CDB releases some fairgrounds documents

Doug Finke

State officials turned over some documents about maintenance and capital needs at the Illinois State Fairgrounds Monday, but not the detailed list sought by Rep. Raymond Poe, R-Springfield.

Among the documents given to Poe by the Capital Development Board was a list of three fairgrounds projects that could get under way after July 1 if a new capital construction bill is approved.

However, a building-by-building assessment of the fairgounds’ condition was not provided.

“We came to an understanding about that,” said CDB Executive Director Jan Grimes after an hourlong private meeting in Poe’s office. “It is preliminary information that was not in condition to be shared at this point.”

Grimes then said she had another meeting to attend and walked away.

Poe, who filed a House resolution demanding the maintenance information, said he was expecting to get the detailed analysis but is willing to give the CDB more time.

“I understand she needed a little more time to analyze that information better,” he said. “I’m going to give them a little more time. I’m not sure how long.”

During Monday’s meeting, Grimes talked about the information not being available until August, Poe said.

“That’s a long time. I still think questions have to get answered,” he said. “Is there another situation that’s going to happen that we ought to be aware of so we don’t have an emergency?”

Poe sought maintenance records and other documents after a series of electrical failures forced officials to virtually close the fairgrounds to the public, displacing dozens of events scheduled between early February and mid-May. Losing just three of the events cost the city an estimated $750,000 in economic activity.

The information sought by Poe is part of a statewide assessment the CDB is conducting on 9,400 state-owned properties. The report is supposed to detail the condition of those properties and recommendations for future capital and maintenance work. The state hired Vanderweil Facility Advisors of Boston for $3.62 million to conduct the assessment.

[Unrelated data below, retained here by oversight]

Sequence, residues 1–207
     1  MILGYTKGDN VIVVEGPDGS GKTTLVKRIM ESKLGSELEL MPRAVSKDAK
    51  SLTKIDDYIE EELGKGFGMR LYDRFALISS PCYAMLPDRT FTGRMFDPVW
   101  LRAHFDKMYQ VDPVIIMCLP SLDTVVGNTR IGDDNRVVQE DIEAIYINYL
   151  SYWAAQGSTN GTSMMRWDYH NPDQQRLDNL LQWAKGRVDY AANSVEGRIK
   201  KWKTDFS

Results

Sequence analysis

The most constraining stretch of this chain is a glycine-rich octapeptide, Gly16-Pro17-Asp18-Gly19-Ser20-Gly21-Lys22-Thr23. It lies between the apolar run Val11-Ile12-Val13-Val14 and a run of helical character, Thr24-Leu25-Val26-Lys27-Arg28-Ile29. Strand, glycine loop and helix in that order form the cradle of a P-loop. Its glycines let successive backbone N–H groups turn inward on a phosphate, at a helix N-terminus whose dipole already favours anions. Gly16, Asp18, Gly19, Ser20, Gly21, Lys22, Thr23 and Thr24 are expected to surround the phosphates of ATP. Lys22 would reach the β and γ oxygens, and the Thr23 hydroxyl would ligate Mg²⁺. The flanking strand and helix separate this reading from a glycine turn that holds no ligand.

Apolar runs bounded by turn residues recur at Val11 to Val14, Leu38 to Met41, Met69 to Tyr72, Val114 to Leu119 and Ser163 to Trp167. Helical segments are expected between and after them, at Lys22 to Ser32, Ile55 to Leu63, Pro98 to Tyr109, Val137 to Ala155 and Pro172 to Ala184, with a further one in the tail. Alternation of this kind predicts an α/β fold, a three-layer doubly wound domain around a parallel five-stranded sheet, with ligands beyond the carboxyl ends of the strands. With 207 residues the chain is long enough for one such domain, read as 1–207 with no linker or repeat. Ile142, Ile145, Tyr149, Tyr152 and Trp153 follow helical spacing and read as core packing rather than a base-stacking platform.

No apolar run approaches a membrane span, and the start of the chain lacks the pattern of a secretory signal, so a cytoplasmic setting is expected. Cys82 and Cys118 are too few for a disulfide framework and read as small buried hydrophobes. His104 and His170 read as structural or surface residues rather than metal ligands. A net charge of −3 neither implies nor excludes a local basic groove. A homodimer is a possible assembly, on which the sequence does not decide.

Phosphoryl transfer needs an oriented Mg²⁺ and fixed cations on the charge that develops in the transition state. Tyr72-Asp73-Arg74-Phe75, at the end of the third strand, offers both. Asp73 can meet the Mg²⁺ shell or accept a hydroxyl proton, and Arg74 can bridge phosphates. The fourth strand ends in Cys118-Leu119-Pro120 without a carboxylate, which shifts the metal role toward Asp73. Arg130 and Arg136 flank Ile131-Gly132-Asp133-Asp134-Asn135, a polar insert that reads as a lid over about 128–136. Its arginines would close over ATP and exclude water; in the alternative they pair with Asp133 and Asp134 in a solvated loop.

When Poe requested the information a month ago, the CDB said it had to digest thousands of pages of raw data, including engineering reports, into a readable report. However, Poe said he was told by the CDB that they could do that.

Rep. Rich Brauer, R-Petersburg, also attended Monday’s meeting. He said the information compiled thus far is “more of a database,” and that Grimes expressed concern about the accuracy of some of that data.

“She said they’re not going to throw that out as a report when we see there’s a lot of errors (and) before we have a chance to go over that,” Brauer recalled.

CDB spokesman Dave Blanchette said later that Grimes was specifically citing the electrical problems.  The consultant reviewed the electrical system at the fairgrounds before the underground high-voltage cable failed in February.

“We have to revise the data connected with that,” Blanchette said. “The reason the data shouldn’t be used right now is each state agency must look at the raw data and provide revisions as needed.  That has not been done.”

Another meeting attendee, Sen. Larry Bomke, R-Springfield, said he came away disappointed.

“What we were looking for is what maintenance has been done, and is it lack of maintenance that caused the (electrical) problem,” Bomke said. “I don’t know that we were able to determine that. I don’t know if we will ever know if it was lack of maintenance that caused the problem. I don’t know that they really addressed those questions.”

What was turned over to Poe was 19 pages of maintenance projects undertaken by fairgrounds staff since 2002. The work ranges from painting projects to construction of ATM kiosks and picnic tables at Ethnic Village by the carpentry staff to new water heaters in several buildings and water-main repairs by the plumbing staff.

The CDB also listed three major projects that could get under way next year if a capital bill wins legislative approval. They include $1.4 million to replace the leaky roof on the Department of Agriculture building, $3.2 million to replace the building’s heating and air-conditioning system and $5.75 million to replace the above-ground electrical system on the grounds.

Replacement of the secondary electrical system wasn’t slated to begin until 2010, but the CDB decided to move up the project, Blanchette said.

Doug Finke can be reached at (217) 788-1527.